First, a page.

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Code enforcement: Spitting into the wind Manteca-style
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Spitting on public sidewalks in many cities such as in Daytona Beach is illegal.

It’s obviously not a top priority given the fact when they issue a $100 citation it becomes national news.

Cities - just like our state and federal governments - have what seems like endless rules and regulations on the books that most assuredly at one time or another make all of us criminals as defined by breaking the law.

Rarely are laws governing behavior - personal or what you may do with your property - repealed. Modified, yes, repealed rarely unless the Supreme Court decrees otherwise.

We are a nation of laws to the point we’ve virtually codified common sense.

Obviously all of the laws cannot be enforced. There are limited resources. And there’s a thing called reason.

That hasn’t, however, stopped some cities from time-to-time prosecuting someone for spitting on a sidewalk.

Outlawing spitting on sidewalks was obviously done for health concerns. In the same vein it would make sense to outlaw sneezing on a public street or even smoking as one is walking down a sidewalk. The odds are less health issues are created by spitting on a sidewalk per se than second-hand smoke or sneezing. Yet with the exception of times such as the Great Flu Epidemic of 1919 when many cities including Manteca made it punishable by a $25 fine to venture outside in public without wearing a face mask, we do not attach punitive consequences doled out by the government for what is essentially a breach of common decency.

Laws such as spitting on a public sidewalk get enforced only when someone is annoyed and has the wherewithal to either cite or get someone to do so.

Yet there are probably hundreds if not thousands of daily instances of spitting on public sidewalks. It would be time consuming, ludicrous, and - using an over worn term - Gestapo-like to have zero tolerance enforcement of spitting. There is one place on the planet you never have to worry about stepping on gum or bacteria-laden mucus and that’s Singapore. Everyone says they want to have their community look like Singapore but they don’t want the draconian iron-fisted rules and enforcement to make it happen.

Which brings us to Manteca’s property codes and how - or more pointedly - they aren’t enforced.

There is little doubt the city has the resources for weed abatement enforcement given the issuance of more than 1,000 citations each year. It is obvious the professionals we entrust to keep our city safe from fire believe that high weeds and rubbish increase the odds drastically for fires.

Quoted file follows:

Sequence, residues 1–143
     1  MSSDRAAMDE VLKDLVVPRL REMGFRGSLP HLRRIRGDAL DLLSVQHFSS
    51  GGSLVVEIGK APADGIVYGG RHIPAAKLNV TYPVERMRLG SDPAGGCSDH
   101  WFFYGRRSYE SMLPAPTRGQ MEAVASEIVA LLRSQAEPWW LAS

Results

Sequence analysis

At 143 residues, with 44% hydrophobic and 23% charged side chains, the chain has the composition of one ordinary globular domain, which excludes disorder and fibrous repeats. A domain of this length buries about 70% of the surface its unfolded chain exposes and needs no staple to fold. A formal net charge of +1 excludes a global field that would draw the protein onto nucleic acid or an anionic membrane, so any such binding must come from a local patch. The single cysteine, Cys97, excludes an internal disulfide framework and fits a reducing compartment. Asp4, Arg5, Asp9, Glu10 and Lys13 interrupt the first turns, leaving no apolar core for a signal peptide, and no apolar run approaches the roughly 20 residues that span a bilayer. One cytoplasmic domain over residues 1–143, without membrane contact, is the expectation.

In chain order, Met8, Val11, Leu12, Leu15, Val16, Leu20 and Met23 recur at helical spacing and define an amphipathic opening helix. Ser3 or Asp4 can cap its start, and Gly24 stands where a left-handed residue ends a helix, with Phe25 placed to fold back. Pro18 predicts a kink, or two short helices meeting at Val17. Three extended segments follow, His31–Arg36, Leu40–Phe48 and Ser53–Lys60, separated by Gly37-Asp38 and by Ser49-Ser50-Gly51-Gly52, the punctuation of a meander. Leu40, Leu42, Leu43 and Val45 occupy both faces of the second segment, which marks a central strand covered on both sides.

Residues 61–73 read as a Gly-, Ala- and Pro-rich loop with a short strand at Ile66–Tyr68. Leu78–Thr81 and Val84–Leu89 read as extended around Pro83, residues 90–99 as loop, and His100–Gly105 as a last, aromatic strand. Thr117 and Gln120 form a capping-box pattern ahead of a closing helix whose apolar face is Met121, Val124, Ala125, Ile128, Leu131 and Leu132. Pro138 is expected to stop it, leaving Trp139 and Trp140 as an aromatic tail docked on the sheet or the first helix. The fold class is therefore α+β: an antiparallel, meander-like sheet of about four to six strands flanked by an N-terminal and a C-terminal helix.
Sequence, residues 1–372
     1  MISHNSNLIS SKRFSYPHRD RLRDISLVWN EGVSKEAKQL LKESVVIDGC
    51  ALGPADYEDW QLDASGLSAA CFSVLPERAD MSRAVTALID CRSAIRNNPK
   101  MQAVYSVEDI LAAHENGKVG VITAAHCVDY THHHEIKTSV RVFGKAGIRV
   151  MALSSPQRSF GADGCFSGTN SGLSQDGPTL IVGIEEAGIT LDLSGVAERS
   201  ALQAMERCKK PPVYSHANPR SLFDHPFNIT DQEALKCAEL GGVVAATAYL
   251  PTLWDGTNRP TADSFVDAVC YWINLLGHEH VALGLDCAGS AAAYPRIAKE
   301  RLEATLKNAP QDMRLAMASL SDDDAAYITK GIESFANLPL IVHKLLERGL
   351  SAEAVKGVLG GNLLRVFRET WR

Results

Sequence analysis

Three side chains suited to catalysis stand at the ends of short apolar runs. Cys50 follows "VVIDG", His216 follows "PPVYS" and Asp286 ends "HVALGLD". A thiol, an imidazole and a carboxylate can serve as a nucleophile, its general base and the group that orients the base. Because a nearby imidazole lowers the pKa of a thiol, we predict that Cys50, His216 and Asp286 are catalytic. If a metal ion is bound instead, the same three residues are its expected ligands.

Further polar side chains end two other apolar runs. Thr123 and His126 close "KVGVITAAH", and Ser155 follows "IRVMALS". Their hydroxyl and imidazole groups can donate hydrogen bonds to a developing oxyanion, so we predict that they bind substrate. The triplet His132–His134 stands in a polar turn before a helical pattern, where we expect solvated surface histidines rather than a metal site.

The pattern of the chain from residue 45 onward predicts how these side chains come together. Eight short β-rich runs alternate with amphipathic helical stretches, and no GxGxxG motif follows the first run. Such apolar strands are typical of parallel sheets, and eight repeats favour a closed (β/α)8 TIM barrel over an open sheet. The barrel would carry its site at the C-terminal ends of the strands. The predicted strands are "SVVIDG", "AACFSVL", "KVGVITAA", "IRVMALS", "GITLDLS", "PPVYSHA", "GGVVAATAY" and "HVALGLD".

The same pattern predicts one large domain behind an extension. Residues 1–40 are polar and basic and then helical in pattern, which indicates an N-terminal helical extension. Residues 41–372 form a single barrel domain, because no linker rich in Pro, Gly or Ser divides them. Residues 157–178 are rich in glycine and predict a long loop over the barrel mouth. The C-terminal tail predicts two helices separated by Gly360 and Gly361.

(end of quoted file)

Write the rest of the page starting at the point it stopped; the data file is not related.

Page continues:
You don’t need to complain about other fire hazards targeted in municipal codes since the city won’t act unless someone complains about a violation involving a structure - shade or otherwise - that’s crowding a property line fence and is clearly noted in codes as a fire hazard. Making it a tad perverse is the same people responsible for weed citations - firefighters - can also clearly see such offending structures when they’re doing their annual inspections yet apparently see no need for an alarm, hence no citations.

What all of this means is that there are vast segments of our laws - including municipal codes - that are only there for convenience. In the case of the authorities, it is there only if they feel they need to use it when it suits them instead of being there as a law they have a duty to enforce.

People should have a reasonable expectation that laws are on the books will be enforced and not to be applied in a random complaint driven manner that essentially has the government choosing winners and losers via code enforcement.

Why should one property owner be forced to pay $1,500 to relocate a fence that clearly doesn’t invoke legitimate sight line safety issues while another on a much busier thoroughfare can violate the same rule and get off Scot-free?

If it takes a complaint to finally discover a “fire hazard” that has eluded firefighters for 20-plus years while doing annual weed abatement citations such as the case with Doug Zirpel’s shade structure, then there is something terribly wrong.

Either enforce the laws on the books or get rid of them.

Manpower may be a legitimate issue now but it wasn’t up until a few years ago. That said, the city’s response to the residents that raised legitimate questions about Manteca’s code enforcement strategies at Tuesday’s council meeting was no different than what they offered when the city had nearly a hundred more employees five years ago.

This column is the opinion of managing editor, Dennis Wyatt, and does not necessarily represent the opinion of The Bulletin or Morris Newspaper Corp. of CA.  He can be contacted at or 209-249-3519.